Best lathering bowl—the search
This is a complete revision, and tells the full story—thus far.
My first lathering bowl was a soup cup that I had used as a bowl for shaving soap. I took out the soap, and it seemed to work well—and it even had a handle. I later realized that it’s proportions and dimensions were just right for me: hemispherical in shape, about 5″ across and 3″ deep.
- Heat capacity: thick (1/4″) stone walls absorb a lot of heat to keep the lather nicely warm.
- Size: 5.75″” in diameter, 3″ high–interior 5″ by 2.75″ deep: not too big, not too small.
- Shape: comfortable to hold, works well with brush.
- Feel: the stone feels nice. They suggest curing it (coat with oil to sit overnight, then put into a cool oven and turn it on to 300 degrees for 30 minutes, then let it cool in the oven), but do NOT do that for a lathering bowl: the lathered soap will remove the oil from the interior—and until it’s removed, you don’t get good lather.
But… the search continued.
The heat retention idea, to keep the lather warm, is one approach. The Moss Scuttle uses hot water as an alternative (but has a working bowl that doesn’t meet the shape and size requirements). This Thai mortar, with its thick granite walls, looks good—the 8″ size seems to have the right bowl shape and size. (I suspect the bowl depth of the 7″ size is insufficient.) And look at the size of the thing! I started thinking that, if I left it in a 200 degree oven overnight, then brought it to the bathroom with oven mitts…
Then I remembered Dave Barry’s column about lighting charcoal for the grill, and how some engineering students gradually escalated from using a hair dryer to liquid oxygen. Maybe I’m going overboard here. I pictured dropping the hot granite mortar on my bare foot…
One shaver has had good success with a steel bowl. It doesn’t have much heat capacity, but that means that it absorbs very little heat from the brush and lather. What is absorbed is slowly lost to the surrounding air by convection and radiation, but for the duration of a shave, the heat loss is not that extreme. That is another approach to try.
Another shaver writes:
The whole idea of using a thinner walled bowl is to transfer the heat from the water through the bowl into the cream in the brush. A thicker walled bowl and a denser material would retain heat longer but would take much longer to heat up. I have been using a nickel bowl and a wide mug. I fill the mug with hot water, whip up the cream in the bowl that sits atop the hot water with all the heat going into the cream and brush. If the water gets too cool then I dump the water and refill hot. Then you have heat all over again.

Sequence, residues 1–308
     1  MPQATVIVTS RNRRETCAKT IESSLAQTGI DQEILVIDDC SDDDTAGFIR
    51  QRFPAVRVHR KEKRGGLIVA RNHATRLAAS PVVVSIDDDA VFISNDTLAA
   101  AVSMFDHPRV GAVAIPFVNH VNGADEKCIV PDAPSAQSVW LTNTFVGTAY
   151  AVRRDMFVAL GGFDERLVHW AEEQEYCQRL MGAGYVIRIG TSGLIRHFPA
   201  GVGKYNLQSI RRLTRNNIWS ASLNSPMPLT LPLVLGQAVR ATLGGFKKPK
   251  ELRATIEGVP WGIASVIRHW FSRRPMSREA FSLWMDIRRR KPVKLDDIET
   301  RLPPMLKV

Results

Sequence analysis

I also tried a Target cereal bowl (made in China, brandname “Home”) in heavy ceramic, hemispherical, exactly the right size. But it comes only in white, and that’s a terrible color when you’re trying to develop and judge the lather (which is also white).
Then I got a brushed stainless double-walled bowl, interior dimensions just right, holds a pint—but it really doesn’t stay warm enough.
The search for heat led me to get a Sunbeam Hot Shot for the bathroom, so I can quickly get a pint of boiling water—not for the brush (water that hot will ruin the brush), but to heat the lathering bowl. With boiling hot water, I gave the Moss Scuttle another go.
With boiling-hot water in the reservoir, the Moss Scuttle does keep the lathered brush hot—but the heat seems to break down the lather. Also, having both a lathering cup and the Moss Scuttle (along with umpty-ump soaps, creams, brushes, razors, and aftershaves) was crowding me too much.
So: I sold the Moss Scuttles (I had tried two, a large and a small), and the Hot Shot has been moved out of the bathroom. I’m back to using just hot water from the tap and the original soup cup.
Nevertheless, I continue to keep an eye out for something better… The shaving forums regularly have stories of guys who have found their ideal lathering bowl in a Goodwill or Salvation Army store for twenty-five cents.